Finally, I'm proud to announce that earlier this year, we achieved a major milestone with the manufacture and sale of our 1 millionth FORE-SIGHT sensor, which suggests that we've had the privilege of monitoring over 500,000 patients since the launch of FORE-SIGHT product, empowering thousands of clinicians to improve the care to their patients.

In closing, we are excited about our sales execution, the increasing productivity of our sales organization, the robust pipeline of new business opportunities, the success of our hospital system strategy, the progress in our OEM development, and the competitive advantages of our FORE-SIGHT technology. Revenue is growing again, our operations are efficient and our path to cash flow breakeven is clear. The great sales momentum we saw in Q4 also has continued into the first quarter of this year. As such, we are increasingly confident we can meet or even perhaps exceed the 2018 revenue guidance we provided in our January press release, which is that U.S. FORE-SIGHT sales increases will be in the low teen percentages, driven by mid-teens percentage growth in U.S. sensor sales and a slight sales decline in international sales resulting in low double-digit revenue growth overall for 2018.

With that overview, we're willing to -- we're ready to take questions. Operator?

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Questions and Answers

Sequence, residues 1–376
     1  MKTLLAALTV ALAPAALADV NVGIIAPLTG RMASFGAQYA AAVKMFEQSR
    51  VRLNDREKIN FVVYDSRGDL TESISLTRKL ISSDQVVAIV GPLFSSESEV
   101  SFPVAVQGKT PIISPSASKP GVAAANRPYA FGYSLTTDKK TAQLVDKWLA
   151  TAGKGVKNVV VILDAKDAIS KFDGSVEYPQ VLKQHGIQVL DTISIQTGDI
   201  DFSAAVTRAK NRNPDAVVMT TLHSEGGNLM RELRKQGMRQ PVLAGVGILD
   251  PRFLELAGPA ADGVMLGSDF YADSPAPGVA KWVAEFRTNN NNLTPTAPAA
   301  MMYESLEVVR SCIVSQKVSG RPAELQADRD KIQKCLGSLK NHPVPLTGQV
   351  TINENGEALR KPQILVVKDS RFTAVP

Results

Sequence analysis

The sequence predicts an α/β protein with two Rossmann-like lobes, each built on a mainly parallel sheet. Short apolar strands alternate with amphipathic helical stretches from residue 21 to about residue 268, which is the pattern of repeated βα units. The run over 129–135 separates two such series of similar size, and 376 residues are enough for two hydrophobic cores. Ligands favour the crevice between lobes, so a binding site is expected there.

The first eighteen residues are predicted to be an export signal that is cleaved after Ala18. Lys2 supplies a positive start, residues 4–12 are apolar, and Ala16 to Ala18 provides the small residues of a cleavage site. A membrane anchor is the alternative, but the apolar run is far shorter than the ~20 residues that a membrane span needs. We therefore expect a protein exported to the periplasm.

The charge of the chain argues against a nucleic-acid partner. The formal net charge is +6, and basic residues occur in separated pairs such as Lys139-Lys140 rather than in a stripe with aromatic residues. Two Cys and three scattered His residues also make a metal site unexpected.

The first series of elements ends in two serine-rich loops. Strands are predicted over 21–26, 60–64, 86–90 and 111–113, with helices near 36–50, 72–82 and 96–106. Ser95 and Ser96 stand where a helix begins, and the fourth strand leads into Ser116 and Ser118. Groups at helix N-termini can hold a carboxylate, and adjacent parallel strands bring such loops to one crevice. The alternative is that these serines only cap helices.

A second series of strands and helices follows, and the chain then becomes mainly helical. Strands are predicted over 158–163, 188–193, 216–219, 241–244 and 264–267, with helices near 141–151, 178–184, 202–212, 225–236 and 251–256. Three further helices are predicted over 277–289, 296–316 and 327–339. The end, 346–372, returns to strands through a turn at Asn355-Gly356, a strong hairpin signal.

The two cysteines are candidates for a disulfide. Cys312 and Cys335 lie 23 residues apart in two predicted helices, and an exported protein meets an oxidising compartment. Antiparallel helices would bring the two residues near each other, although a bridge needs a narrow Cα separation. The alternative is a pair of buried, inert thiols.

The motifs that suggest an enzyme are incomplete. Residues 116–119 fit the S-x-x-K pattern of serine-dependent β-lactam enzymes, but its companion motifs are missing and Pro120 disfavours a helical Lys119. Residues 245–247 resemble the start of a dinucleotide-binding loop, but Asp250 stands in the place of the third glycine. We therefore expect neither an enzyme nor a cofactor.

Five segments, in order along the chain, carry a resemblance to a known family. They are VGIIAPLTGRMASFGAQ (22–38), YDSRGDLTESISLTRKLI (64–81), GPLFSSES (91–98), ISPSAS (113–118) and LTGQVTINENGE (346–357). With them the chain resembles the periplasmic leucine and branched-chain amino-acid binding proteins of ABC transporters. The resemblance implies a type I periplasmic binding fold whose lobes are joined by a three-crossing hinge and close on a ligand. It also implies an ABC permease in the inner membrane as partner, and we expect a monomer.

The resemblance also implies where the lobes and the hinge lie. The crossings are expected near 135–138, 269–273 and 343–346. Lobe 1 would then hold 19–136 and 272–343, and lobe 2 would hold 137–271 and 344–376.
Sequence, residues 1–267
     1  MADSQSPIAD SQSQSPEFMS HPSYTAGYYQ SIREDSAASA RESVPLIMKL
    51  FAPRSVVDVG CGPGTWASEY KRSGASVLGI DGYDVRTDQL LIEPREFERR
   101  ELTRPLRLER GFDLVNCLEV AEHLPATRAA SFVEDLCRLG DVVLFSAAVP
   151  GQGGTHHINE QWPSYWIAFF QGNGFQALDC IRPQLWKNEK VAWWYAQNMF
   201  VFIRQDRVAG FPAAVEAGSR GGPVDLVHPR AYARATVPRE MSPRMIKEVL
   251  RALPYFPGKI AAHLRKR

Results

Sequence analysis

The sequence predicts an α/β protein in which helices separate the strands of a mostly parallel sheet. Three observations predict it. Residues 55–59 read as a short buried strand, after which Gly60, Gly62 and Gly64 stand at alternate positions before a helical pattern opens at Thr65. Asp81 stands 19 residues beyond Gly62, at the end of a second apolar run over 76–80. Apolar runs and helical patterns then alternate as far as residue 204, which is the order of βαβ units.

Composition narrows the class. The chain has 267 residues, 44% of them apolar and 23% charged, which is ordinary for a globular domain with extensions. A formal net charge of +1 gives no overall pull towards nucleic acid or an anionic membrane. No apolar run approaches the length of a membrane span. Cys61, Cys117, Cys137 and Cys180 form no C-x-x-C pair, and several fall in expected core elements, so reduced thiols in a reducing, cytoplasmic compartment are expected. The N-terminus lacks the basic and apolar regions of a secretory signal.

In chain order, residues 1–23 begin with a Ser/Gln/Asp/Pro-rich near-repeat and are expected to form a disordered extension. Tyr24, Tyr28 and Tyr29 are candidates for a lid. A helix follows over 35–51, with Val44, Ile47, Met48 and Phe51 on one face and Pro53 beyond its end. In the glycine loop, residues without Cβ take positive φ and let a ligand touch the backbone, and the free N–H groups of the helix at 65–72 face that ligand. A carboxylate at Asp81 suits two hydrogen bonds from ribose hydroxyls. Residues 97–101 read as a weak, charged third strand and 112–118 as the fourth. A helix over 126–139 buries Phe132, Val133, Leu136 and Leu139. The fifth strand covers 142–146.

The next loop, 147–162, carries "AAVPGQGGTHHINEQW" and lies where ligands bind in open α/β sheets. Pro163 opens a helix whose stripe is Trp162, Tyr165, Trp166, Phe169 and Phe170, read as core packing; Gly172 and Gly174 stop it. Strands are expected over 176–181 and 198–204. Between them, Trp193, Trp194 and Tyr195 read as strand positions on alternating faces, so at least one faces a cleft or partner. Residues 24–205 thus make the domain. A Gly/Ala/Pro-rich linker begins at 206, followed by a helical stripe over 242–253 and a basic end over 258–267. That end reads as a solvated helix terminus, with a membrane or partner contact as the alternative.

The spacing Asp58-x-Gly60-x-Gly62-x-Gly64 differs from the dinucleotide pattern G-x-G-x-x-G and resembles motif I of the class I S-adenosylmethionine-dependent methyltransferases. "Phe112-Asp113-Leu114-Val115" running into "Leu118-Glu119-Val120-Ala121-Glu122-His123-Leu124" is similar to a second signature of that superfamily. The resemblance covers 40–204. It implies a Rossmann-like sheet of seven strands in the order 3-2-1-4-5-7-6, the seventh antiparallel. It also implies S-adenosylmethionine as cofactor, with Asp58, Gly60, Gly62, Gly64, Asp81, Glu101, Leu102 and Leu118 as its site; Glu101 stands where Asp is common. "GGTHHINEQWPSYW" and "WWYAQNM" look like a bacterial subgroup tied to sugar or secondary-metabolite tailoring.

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Operator [1]

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(Operator Instructions)

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Thomas M. Patton, CAS Medical Systems, Inc. - CEO, President and Director [2]

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While we're waiting for the first question, I just wanted to mention that we are presenting at the LD Micro Conference on June 5 in Los Angeles. We'll also be webcasting a presentation. Okay, we're ready for the first call -- our first question, sorry?

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Operator [3]

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Your first question is from Matt Hewitt with Craig-Hallum Capital Group.

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Matthew Gregory Hewitt, Craig-Hallum Capital Group LLC, Research Division - Senior Research Analyst [4]

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Handful of questions. First, you're having great success on the competitive front from competitive conversions and I'm wondering, is there 1, 2, 3 items in particular that are differentiating FORE-SIGHT from the competition, and how do you maintain that leadership?